Second:
A client can retire with (say) $100 at 65 and:
Invest that in a balanced fund and have an expected passive annual return after tax of 5.32%, deduct a passive fee of 0.3% and then a 5% of $100 draw and the capital will never run out - it wont even reduce. Test this using conservative long run estimates of 8.75% gross return for equities and 3.5% for Fixed interest, a 60/40 fund and tax of 20% on an average circa 70k per annum income. Take off a 0.3% cost for a passive fee%.
The client will never run out of capital as the draw is less than the return. What are you modelling on your fund return assumptions?

but... what if we had another crsis?
ok lets shock that with a crisis on day one that reduces the capital by 17% (typical of a balanced fund in a shock) - and lets just say that markets do not revert to fair value post crisis (They HAVE reverted in every post war crisis)- the capital does not run out until the client is over 100 years old.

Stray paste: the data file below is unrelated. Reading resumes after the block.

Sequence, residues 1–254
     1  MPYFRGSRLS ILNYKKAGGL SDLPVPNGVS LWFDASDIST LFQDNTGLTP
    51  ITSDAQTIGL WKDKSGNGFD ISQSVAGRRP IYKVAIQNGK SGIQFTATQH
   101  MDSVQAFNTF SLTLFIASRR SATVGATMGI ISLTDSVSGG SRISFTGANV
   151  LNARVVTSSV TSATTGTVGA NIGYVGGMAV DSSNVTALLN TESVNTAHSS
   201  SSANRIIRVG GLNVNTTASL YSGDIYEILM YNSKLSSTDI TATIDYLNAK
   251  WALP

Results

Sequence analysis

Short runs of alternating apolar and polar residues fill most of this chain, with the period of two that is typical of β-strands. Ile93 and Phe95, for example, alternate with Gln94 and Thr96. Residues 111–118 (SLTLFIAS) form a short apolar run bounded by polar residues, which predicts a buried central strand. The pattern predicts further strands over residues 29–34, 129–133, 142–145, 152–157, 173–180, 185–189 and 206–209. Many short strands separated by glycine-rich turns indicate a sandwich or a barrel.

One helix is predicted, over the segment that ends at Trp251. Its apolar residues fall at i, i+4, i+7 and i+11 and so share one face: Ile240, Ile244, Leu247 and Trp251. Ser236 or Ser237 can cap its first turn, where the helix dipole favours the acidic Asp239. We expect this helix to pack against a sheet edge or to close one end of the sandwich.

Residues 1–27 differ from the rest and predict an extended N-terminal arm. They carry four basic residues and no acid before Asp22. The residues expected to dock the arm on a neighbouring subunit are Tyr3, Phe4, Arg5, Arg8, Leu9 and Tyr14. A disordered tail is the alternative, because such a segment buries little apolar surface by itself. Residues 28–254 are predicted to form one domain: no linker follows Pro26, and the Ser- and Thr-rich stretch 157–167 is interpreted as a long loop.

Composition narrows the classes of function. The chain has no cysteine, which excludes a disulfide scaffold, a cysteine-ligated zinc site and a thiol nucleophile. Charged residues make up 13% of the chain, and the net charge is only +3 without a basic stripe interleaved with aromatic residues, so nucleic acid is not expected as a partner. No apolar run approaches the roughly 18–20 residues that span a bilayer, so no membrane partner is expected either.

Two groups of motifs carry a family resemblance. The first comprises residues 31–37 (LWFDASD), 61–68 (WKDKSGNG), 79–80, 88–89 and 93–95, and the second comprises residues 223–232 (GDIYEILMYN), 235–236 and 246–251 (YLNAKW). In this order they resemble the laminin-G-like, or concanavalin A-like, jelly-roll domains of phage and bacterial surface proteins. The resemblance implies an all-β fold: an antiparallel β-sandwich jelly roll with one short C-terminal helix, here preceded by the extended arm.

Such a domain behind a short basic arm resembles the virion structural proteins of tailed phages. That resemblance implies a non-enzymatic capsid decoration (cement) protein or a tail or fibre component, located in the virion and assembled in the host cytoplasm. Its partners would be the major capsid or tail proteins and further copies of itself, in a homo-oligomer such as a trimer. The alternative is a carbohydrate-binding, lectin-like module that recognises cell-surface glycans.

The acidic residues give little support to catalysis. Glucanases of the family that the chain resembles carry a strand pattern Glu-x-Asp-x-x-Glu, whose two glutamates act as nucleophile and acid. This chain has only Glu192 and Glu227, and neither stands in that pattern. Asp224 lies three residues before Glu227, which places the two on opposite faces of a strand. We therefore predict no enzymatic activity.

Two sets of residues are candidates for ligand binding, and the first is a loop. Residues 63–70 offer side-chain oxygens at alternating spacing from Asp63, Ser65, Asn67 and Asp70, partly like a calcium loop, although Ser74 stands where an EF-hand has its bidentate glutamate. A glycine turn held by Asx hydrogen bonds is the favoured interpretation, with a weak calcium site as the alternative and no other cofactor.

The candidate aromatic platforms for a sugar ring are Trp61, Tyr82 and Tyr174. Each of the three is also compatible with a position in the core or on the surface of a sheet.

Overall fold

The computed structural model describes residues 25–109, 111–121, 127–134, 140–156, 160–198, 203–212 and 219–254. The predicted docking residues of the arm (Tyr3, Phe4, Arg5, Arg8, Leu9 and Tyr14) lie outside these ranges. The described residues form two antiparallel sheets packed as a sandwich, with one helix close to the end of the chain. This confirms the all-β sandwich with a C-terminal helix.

Fact 3: the annuity is not guaranteed,
there is credit risk on the solvency of the company writing the insurance, even after reserving.

Fact 4: It was compulsory in the UK until 2015 to buy an annuity. Since then people have been voting with their feet with a collapse in demand. A good Financial Times article talking about this is here:

https://www.ft.com/content/8c49099a-efb3-11e6-ba01-119a44939bb6

It is a well accepted fact that Annuities in Australia have not been popular and there are only two main providers with a $2 trillion pension pot - because they are expensive ways of managing longevity risk (as I have provided a simple model to illustrate)

So that's the facts and the reason annuities have struggled in Australia and in the UK post 2015 is because of
C.O.S.T.

On 28 September 2017 at 2:01 pm Brent Sheather said:
Hi Sam

Saw your reply to Nomis and I’m a bit confused now. You say there are no hidden costs and 1.6% is the total cost made up of “our standard management fee of 0.3% plus a 1.3% insurance fee”. If that is the case what is in it for the other party - Ralph Stuart’s Lifetime Retirement Income? If the 1.3% insurance fee includes some margin payable to Lifetime how much is insurance and how much is the margin? You also make the point that the fee is almost identical to products sold by Vanguard. Do you have any numbers as to how identical that fee is?

Thanks and Regards
Brent